Dubois turned the collar of his raincoat up, adjusted his scarf under his chin, and, shoulders strung up almost to his ears, stepped out of his building into the chilled rain that had persisted over the city for the past three days. It was a fine, mostly annoying mist, spraying him the moment the door closed behind him with a heavy thud. The usual morning soundtrack –a dog scampering to the nearest tree, the trash collectors rolling bins across the sidewalk, background noise to him on any other morning– had the sudden effect of being jarring, too loud, too accusatory. He hurried on, trying to make his feet move faster than his brain, trying to trick himself into forgetting the streets he’d memorized years ago. Right, left, left again. If he didn’t look up he could pretend he was lost. And that morning he needed to be lost.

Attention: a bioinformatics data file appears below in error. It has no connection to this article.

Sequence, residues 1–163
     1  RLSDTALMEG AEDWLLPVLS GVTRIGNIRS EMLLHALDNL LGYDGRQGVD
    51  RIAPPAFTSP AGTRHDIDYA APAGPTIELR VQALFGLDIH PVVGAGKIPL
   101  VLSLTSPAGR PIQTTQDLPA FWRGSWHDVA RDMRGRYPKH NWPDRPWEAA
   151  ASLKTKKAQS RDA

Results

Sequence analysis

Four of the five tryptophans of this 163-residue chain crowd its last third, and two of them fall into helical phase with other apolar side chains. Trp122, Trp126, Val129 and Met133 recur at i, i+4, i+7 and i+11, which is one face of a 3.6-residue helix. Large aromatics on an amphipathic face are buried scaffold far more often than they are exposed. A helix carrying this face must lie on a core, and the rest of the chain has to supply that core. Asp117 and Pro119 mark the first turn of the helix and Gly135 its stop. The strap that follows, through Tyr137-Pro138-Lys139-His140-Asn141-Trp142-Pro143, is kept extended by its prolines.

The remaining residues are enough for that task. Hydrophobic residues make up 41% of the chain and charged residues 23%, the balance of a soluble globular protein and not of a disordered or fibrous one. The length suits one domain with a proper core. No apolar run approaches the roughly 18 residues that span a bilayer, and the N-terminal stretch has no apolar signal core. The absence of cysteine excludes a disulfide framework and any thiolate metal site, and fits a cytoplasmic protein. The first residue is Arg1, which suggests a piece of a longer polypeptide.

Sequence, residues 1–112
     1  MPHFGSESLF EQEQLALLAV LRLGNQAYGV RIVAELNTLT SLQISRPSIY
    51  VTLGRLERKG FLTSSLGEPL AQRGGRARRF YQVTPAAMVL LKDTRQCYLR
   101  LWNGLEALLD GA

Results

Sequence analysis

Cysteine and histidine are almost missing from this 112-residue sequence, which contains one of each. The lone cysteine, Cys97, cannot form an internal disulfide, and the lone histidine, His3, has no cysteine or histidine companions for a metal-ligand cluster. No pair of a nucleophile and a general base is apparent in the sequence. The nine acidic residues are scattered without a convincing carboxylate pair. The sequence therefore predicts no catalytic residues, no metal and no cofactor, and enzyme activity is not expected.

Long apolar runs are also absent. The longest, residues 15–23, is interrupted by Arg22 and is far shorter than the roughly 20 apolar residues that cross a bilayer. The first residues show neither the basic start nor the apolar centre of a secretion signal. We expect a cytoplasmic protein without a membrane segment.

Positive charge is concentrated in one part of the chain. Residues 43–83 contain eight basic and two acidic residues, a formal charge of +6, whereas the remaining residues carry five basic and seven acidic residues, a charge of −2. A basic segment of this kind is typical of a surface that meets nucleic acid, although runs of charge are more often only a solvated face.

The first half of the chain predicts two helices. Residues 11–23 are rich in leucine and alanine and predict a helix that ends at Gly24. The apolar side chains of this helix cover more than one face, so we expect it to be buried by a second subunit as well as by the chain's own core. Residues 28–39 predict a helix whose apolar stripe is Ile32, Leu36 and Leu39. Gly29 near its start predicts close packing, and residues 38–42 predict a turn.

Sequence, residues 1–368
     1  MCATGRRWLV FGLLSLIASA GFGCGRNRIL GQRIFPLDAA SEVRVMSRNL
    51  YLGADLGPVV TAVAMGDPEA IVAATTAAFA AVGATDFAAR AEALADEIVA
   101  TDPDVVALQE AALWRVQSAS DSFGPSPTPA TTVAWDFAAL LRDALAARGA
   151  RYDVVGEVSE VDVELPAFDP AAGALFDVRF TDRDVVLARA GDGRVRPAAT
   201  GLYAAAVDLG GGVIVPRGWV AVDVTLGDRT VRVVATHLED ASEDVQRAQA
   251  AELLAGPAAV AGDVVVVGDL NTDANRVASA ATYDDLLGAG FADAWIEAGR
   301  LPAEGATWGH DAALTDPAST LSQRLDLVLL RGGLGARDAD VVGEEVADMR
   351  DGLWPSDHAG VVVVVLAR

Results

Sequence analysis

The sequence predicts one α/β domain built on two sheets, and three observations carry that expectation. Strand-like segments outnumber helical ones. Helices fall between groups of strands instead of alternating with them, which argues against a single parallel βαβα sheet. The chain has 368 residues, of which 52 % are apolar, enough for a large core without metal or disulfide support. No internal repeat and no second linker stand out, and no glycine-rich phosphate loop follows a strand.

The entire enterprise seemed entirely fucking stupid now, out of the suffocating confines of his apartment. His apartment. He couldn’t even think about it without feeling it was booby-trapped and rigged to blow. He had more still lifes than he knew what to do with. He’d taken three of them inexplicably, because they’d been there, available. And though he’d only spotted one at first, he later took two additional Henri Fantin-Latour pieces because his recollection told him they matched, that they’d make a perfect triptych of florals. Only he’d gotten them home and realized the colors were all wrong on the first one. Sleep on it, he’d told himself. They’ll look different in the morning light. And they had, only worse. As he’d lined them up on his dresser this morning, he’d become so nauseated and sickened by the sight of them that he had been gasping for air as he slipped on his coat and locked the door behind him.
I’m writing a novel. You can read more about that here.